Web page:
When her ship docked in New York in September 1850, 30,000 people were waiting to greet the woman dubbed the Swedish Nightingale, only a tiny handful of whom could ever have heard her sing. The tour was wildly successful and utterly exhausting, running for two years during which she married her accompanist, Otto Goldschmidt, and announced her retirement from the operatic stage at the age of just 31.
On returning from the US the couple settled first in Dresden and then in Herefordshire, where Lind continued to give occasional recitals. She trained the sopranos in her husband’s Bach choir and in 1882 was appointed professor of singing at the newly opened Royal College of Music in London.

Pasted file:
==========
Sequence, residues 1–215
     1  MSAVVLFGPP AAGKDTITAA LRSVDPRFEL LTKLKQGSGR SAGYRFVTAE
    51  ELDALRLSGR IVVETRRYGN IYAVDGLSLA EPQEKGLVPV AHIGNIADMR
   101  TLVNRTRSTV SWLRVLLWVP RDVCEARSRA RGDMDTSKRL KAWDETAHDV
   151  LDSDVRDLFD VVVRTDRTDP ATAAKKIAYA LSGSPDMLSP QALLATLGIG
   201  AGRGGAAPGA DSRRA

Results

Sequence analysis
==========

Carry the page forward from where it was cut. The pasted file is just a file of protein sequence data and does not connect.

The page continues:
The following year she gave that final performance in Malvern’s Royal Spa Hall. There was no monarch throwing bouquets this time and no heaving crowds waiting to greet her, but Jenny Lind wouldn’t have minded that as long as a worthy cause saw the proceeds.
It’s possible that as she left the hall that night, the last blushes of the day’s sunshine still glowing beyond the hills, she thought back to how it all started, at the widow’s almshouse in Stockholm where her grandmother lived and where as a young girl she would sit by the open window and sing to her cat.
One afternoon the lady’s maid of a principal performer at the Swedish Royal Opera House happened to hear her, setting the wheels in motion that secured a scholarship to the Royal Opera School and launched one of Europe’s most sensational musical careers.